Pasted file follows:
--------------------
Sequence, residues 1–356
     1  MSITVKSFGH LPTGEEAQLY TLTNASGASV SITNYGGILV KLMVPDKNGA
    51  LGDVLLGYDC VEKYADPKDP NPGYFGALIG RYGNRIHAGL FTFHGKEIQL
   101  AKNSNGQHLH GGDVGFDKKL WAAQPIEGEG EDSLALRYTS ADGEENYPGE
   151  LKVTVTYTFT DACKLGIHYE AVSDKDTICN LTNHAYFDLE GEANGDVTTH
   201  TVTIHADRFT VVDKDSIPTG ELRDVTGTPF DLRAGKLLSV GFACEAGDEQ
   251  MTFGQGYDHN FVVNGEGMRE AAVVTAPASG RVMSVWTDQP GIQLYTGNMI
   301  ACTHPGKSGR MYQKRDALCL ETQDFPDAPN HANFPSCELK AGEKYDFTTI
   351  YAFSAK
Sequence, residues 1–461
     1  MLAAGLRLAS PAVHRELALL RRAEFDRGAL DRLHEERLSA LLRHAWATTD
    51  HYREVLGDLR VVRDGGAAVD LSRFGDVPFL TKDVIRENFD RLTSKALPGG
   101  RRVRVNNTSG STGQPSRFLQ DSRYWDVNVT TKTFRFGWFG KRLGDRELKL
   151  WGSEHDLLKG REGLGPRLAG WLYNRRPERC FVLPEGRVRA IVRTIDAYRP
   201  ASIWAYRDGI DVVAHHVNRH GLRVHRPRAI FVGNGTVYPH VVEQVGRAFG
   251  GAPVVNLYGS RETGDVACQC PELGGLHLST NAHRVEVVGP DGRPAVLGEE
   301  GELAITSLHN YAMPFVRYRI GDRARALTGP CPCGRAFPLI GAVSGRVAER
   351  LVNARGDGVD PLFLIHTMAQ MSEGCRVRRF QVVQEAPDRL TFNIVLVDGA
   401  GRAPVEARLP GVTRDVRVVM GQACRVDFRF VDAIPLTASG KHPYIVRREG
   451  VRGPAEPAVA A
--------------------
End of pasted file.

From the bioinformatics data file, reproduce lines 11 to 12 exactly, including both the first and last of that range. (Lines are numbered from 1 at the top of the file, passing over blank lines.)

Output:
     1  MLAAGLRLAS PAVHRELALL RRAEFDRGAL DRLHEERLSA LLRHAWATTD
    51  HYREVLGDLR VVRDGGAAVD LSRFGDVPFL TKDVIRENFD RLTSKALPGG